And…. it’s springtime. Light winds, warm temperatures and long sunny days are here. Starting today, we are on a warming trend that should last through the weekend and even into Monday. Not only does this weather invite trips into the far reaches of the mountains, it also invites a new factor for avalanches; sunshine and warming. We can’t let the hospitable weather lower our guard.

As we’ve been mentioning, there is a thin layer of buried surface hoar around 1-2 feet below the surface in many areas. Even deeper in places that saw significant wind loading mid-week by the northwest outflow winds, such as the Raven Headwall avalanche mentioned above. This layer has not been found everywhere, but has been prevalent enough that it’s keeping us concerned. It also may be sitting on a sun crust on steep southerly slopes, making it that much more reactive. That said, triggering a slab large enough to ruin our day is still very much possible. Keep a close eye out for stiff snow over softer snow and cracking in the snow around you. Watch for slopes with wind loading as these are the most suspect places to trigger a slab.

Sun Effect:  With light winds, direct sunshine and warm air moving in aloft we can expect solar aspects to warm dramatically over the next couple days. This change is a shock to our snowpack. It not only moistens the surface, creating easily triggered moist sluffs (and natural ones as well), but it can increase the likelihood of triggering a slab avalanche. It can also help to re-active older weak layers that sit very deep in the snowpack. In our case the January facets that are 3-6 feet deep. Will the sunshine this weekend be enough to do this? Probably not, but something to keep in mind as we move forward.

Cornices:  Avoid travel on cornices and move quickly underneath them. Remember, warming temperatures and direct sun are classic mechanisms for destabilizing these monsters.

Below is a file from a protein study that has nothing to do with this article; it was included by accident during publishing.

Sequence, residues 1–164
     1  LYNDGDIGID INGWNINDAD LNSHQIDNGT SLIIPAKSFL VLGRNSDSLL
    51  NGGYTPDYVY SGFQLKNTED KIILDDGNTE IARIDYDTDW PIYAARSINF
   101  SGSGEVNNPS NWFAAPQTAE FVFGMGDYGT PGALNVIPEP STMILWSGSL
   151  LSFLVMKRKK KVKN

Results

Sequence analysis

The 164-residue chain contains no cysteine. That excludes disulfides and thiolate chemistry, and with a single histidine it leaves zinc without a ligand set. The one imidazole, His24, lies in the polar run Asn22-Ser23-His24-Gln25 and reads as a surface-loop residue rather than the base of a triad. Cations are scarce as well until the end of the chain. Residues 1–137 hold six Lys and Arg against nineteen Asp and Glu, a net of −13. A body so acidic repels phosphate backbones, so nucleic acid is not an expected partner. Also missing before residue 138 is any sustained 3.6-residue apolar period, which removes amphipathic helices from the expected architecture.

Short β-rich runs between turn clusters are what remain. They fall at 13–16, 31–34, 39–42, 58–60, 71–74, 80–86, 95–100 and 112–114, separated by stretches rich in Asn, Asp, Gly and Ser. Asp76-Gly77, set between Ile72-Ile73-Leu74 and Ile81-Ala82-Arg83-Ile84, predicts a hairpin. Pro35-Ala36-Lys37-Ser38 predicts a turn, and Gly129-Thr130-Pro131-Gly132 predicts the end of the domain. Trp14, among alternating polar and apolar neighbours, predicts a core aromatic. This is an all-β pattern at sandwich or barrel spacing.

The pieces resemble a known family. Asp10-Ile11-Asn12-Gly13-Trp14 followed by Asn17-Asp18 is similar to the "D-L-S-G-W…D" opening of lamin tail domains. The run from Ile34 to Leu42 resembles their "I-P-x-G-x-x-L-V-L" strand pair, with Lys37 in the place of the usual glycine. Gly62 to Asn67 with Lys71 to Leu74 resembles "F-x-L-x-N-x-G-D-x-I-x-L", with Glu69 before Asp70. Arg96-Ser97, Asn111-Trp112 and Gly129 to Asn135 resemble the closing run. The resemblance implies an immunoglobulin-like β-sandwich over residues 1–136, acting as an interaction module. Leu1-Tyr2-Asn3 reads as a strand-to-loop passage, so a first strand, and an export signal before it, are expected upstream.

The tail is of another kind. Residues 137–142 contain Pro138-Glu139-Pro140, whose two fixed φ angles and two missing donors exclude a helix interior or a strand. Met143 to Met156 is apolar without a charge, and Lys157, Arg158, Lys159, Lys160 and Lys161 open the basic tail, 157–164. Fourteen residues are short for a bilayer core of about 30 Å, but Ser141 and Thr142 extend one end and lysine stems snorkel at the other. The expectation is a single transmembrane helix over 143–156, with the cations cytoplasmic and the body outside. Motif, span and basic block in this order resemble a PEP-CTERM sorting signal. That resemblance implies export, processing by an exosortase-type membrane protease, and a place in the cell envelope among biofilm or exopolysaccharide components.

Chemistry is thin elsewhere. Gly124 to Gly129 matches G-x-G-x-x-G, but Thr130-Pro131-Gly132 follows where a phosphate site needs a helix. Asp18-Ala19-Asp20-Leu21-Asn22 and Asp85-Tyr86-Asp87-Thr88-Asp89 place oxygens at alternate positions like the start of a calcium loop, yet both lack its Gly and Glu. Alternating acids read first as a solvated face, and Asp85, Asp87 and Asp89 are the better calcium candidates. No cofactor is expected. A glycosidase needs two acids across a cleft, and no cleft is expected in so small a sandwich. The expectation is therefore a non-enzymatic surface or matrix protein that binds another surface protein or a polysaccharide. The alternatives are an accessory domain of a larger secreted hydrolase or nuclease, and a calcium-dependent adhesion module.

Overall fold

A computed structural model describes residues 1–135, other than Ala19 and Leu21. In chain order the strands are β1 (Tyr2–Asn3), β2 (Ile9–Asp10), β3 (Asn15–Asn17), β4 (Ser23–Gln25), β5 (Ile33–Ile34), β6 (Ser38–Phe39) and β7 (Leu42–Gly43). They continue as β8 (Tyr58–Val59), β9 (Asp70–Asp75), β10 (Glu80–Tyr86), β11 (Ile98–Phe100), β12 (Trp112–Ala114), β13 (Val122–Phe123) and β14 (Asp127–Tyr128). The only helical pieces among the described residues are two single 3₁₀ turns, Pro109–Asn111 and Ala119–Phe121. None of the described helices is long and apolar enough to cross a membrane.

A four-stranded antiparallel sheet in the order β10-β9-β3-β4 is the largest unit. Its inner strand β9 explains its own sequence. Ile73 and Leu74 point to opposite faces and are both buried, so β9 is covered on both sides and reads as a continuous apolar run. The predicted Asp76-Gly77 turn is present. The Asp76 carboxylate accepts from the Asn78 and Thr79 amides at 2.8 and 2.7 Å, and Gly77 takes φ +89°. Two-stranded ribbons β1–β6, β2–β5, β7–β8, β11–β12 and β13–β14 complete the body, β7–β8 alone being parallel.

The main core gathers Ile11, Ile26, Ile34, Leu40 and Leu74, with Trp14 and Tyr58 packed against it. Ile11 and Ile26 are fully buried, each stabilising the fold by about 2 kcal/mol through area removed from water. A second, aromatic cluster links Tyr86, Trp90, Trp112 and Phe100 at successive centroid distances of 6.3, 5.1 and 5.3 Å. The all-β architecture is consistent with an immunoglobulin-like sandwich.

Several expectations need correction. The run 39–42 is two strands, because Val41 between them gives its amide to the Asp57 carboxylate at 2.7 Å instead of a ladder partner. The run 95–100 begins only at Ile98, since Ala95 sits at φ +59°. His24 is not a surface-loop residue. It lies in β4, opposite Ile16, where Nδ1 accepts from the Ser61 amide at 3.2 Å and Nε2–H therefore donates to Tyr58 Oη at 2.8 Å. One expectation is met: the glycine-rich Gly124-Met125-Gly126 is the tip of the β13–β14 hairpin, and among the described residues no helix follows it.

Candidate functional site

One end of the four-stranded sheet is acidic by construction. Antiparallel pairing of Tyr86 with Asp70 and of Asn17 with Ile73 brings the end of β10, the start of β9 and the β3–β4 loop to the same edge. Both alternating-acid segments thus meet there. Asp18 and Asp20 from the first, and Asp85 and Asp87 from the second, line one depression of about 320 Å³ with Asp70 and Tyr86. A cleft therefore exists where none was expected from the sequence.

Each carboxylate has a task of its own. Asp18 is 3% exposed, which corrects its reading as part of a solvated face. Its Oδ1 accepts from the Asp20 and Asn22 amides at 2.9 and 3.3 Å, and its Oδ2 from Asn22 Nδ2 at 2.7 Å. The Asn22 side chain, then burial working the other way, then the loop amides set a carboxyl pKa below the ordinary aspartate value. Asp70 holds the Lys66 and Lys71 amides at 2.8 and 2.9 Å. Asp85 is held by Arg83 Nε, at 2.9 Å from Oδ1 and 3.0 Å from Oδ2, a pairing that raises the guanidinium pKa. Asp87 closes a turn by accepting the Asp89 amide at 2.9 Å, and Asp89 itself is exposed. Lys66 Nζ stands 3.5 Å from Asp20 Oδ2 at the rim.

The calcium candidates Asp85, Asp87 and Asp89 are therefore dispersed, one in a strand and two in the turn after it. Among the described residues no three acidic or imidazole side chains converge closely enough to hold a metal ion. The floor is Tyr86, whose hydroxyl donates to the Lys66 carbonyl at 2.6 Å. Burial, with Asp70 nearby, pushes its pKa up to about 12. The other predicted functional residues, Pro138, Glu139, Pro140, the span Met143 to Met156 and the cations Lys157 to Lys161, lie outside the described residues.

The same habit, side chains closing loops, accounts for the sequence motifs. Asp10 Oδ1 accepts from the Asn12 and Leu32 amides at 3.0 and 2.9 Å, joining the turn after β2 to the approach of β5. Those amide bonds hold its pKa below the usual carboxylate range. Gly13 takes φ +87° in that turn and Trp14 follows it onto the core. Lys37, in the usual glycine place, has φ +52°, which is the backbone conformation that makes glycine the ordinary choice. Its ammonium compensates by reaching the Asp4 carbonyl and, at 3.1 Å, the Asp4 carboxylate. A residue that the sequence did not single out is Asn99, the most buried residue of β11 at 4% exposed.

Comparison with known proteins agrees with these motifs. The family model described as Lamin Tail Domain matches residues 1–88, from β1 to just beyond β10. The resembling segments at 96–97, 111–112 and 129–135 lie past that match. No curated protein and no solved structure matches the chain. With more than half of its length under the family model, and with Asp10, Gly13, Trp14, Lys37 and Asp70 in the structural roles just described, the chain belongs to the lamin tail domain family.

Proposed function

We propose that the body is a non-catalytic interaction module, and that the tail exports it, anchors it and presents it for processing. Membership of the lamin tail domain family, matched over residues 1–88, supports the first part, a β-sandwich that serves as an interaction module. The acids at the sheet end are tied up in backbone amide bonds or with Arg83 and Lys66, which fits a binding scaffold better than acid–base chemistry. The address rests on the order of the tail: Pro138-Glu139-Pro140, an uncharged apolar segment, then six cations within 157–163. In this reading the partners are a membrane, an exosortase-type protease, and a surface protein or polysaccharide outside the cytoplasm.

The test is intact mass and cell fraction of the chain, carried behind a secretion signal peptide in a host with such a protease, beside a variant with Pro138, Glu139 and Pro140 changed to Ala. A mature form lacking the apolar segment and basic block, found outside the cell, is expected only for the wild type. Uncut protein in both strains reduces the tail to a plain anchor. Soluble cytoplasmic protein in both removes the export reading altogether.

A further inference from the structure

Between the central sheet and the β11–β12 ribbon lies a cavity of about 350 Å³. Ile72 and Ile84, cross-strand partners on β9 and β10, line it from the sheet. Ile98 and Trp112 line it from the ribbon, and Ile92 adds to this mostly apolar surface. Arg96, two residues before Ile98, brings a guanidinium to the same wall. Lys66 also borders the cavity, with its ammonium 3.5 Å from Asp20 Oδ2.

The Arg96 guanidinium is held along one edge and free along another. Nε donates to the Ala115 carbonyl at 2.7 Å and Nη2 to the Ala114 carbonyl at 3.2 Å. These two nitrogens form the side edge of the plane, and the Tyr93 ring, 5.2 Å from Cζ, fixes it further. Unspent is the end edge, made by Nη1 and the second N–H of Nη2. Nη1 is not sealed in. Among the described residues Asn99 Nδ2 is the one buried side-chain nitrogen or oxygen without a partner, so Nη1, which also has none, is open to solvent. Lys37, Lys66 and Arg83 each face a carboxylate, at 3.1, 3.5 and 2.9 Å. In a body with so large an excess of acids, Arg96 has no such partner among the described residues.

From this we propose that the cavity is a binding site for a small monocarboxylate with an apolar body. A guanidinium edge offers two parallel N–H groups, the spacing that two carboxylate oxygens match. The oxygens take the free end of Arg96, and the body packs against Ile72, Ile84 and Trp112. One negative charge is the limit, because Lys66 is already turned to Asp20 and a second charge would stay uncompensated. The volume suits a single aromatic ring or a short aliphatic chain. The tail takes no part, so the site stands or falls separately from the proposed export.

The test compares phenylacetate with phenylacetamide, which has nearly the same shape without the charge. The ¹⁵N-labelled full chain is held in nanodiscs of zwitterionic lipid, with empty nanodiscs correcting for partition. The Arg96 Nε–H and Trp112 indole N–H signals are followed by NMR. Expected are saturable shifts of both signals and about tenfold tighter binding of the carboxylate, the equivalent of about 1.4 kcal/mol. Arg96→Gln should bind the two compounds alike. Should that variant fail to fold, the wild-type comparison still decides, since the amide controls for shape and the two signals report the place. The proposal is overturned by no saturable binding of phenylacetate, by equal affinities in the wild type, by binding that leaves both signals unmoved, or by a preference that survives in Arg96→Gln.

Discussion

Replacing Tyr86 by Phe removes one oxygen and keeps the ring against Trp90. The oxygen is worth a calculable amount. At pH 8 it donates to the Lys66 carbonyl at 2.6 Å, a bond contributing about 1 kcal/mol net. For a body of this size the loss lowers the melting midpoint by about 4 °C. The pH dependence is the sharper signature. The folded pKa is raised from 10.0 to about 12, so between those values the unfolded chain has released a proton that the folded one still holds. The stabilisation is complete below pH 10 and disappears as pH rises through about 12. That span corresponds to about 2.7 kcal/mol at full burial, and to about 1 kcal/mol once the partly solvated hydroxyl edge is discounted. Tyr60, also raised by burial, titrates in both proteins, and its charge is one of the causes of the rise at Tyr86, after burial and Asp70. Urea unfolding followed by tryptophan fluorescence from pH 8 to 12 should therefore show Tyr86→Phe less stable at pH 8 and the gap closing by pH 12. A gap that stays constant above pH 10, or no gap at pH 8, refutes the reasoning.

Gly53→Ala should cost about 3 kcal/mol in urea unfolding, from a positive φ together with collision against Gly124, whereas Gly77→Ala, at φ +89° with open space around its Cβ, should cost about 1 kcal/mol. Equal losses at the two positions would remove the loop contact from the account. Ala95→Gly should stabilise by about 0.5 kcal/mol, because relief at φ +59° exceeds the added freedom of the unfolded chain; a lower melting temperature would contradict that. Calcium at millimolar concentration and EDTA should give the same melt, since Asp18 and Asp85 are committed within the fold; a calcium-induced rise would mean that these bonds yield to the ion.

Large cornice that sits on the north side of Superbowl (head of Cornbiscuit and Magnum). 3.12.20. Photo: Heather Johnson


Dry loose snow avalanches:  In shaded areas that were protected from the wind, sluffs are possible in steep terrain.

Fri, March 13th, 2020

Yesterday:  Sunny skies and warming temperatures were over the region yesterday. Lower elevations rose from the single digits to the mid 20’s°F and upper elevations rose to the mid-teens. Ridgetop winds were light with a few moderate gusts from the NW.

Today:  Another sunny day is on tap with a stout inversion in place this morning. High pressure is building over Southcentral and bringing in warm air aloft, which is warming the higher terrain (Sunburst is reporting 17°F at 5am) but valley bottoms remain in the single digits. Daytime highs should reach into 20’s°F at all elevations today. Ridgetop winds are expected to be light and westerly.

Tomorrow:  Sunny skies, light winds and warming temperatures are forecast for the weekend. Springtime weather is here. Ridgetops could see temps hit 30°F Saturday and even higher on Sunday. Winds are slated to remain light and variable.

PRECIPITATION 24-hour data (6am – 6am)

Temp Avg (F) Snow (in) Water (in) Snow Depth (in)
Center Ridge (1880′) 13 0 0 68
Summit Lake (1400′) 10 0 0 31
Alyeska Mid (1700′) 13 0 0 80

RIDGETOP 24-hour data (6am – 6am)

Temp Avg (F) Wind Dir Wind Avg (mph) Wind Gust (mph)
Sunburst (3812′) 13 W 8 18
Seattle Ridge (2400′) 12 N 3 7
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Riding Areas
Updated Tue, April 20th, 2021

Status of riding areas across the Chugach NF is managed by the Glacier and Seward Ranger Districts, not avalanche center staff. Riding area information is posted as a public service to our users and updated based on snow depth and snow density to prevent resource damage at trailhead locations. Riding area questions contact: mailroom_r10_chugach@fs.fed.us

Area Status Weather & Riding Conditions
Glacier District
Johnson Pass
No parking in turnaround at end of the road near the outhouse.
Placer River
Please do not ride along Railroad tracks. Cross tracks at 90 degree angle and clear the right of way.
Skookum Drainage
The Skookum Valley is closed to snowmachines. This closure occurs annually on April 1 as per the CNF Forest Plan.
Turnagain Pass
Seward District
Carter Lake
Lost Lake Trail
Primrose Trail
Resurrection Pass Trail
Closed for the 2020/21 winter season.
Snug Harbor
South Fork Snow River Corridor
Summit Lake

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This is a general backcountry avalanche advisory issued for Turnagain Arm with Turnagain Pass as the core advisory area. This advisory does not apply to highways, railroads or operating ski areas.